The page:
Global Island Partnership: climate change challenges and solutions

Global Island Partnership: climate change challenges and solutions

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Published

17 November 2017

A Global Island Partnership High Level Event took place during the United Nations climate change conference, highlighting the reality of climate change in Pacific and Caribbean islands, and efforts to increase resilience.

The Climate Risk and Early Warning Systems (CREWS) initiative and World Meteorological Organization were among the supporters of the event.

“The voyage to a resilient and sustainable future is not one that is taken alone, but by a movement of cities, states, islands and countries working together to shape the future we want,” according to Tommy E. Remengesau Jr., President of Palau.

Islands are on the frontline of global changes and severely feeling the impacts from climate change and resource depletion to urban growth, health threats and food pressures.

Cyclone Winston in Fiji resulted in loss of life of 44 people as well as estimated damages to from infrastructure to environment as 31% of GDP (US$1.38 billion) anticipated recovery of agriculture and fisheries sectors will take 3 to 10 years. Hurricanes Irma and Maria this year caused a trail of devastation in the Caribbean, reversing sustainable development gains in the affected islands and making some virtually inhabitable.

The Global Island Partnership has therefore mobilized a movement of island leaders and their supporters taking action to build island resilience. To build on this momentum and to support strong outcomes for Fiji’s presidency of the UN climate change negotiations known as COP 23, the Global Island Partnership coordinated a high-level event to showcase the island leaders and their solutions at the forefront of the movement and united in strong partnerships building island resilience.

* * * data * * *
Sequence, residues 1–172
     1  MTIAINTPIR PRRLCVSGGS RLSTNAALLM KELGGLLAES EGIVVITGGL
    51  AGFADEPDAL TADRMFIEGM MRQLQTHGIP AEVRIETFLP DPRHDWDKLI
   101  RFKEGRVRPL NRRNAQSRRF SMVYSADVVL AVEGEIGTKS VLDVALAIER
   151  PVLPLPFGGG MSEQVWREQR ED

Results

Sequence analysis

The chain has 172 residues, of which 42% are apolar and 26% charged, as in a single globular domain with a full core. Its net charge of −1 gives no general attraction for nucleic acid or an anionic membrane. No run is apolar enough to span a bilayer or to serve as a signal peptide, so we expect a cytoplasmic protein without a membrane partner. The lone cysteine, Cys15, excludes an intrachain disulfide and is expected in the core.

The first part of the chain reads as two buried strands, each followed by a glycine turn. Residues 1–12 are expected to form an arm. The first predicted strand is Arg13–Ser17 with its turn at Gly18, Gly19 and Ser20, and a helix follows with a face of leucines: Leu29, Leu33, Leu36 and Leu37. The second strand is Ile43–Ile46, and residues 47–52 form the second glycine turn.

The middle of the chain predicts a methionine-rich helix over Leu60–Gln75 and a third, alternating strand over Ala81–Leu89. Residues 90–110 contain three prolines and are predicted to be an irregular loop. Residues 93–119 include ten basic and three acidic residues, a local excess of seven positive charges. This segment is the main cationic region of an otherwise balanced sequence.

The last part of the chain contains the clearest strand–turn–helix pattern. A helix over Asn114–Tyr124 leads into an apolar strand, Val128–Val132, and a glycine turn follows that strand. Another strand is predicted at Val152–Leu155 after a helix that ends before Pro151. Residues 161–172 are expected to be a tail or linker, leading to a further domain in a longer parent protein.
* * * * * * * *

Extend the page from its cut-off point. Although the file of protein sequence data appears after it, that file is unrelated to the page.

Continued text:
The event on 15 November showcased how integrated island solutions are addressing climate adaptation as well as building preparedness for extreme events and early warning systems and continue to build the movement of people to take action to build island resilience globally. It was attended by heads of state and ministers and by United Nations special envoy for the ocean, Peter Thomson, the former president of the UN General Assembly.

WMO Director for Development and Regional Activities, Mary Power, stressed the importance of meteorological services to aid decisions as a tool for disaster management, climate change adaptation and resilience.

A separate event during COP23 showcased Climate Services for Small Island Developing States (SIDS) and Least Developed Countries. It highlighted the work of the Global Framework for Climate Services in building capacity in climate-vulnerable developing countries. This side event brought together partners collaborating under the GFCS who are implementing activities to help SIDS and LDCs understand, access, develop, and use climate information and services in support of decision-making and adaptation action in climate-sensitive sectors.

IISD coverage of Global Island Partnership high-level event is here.

Details of WMO activities here.

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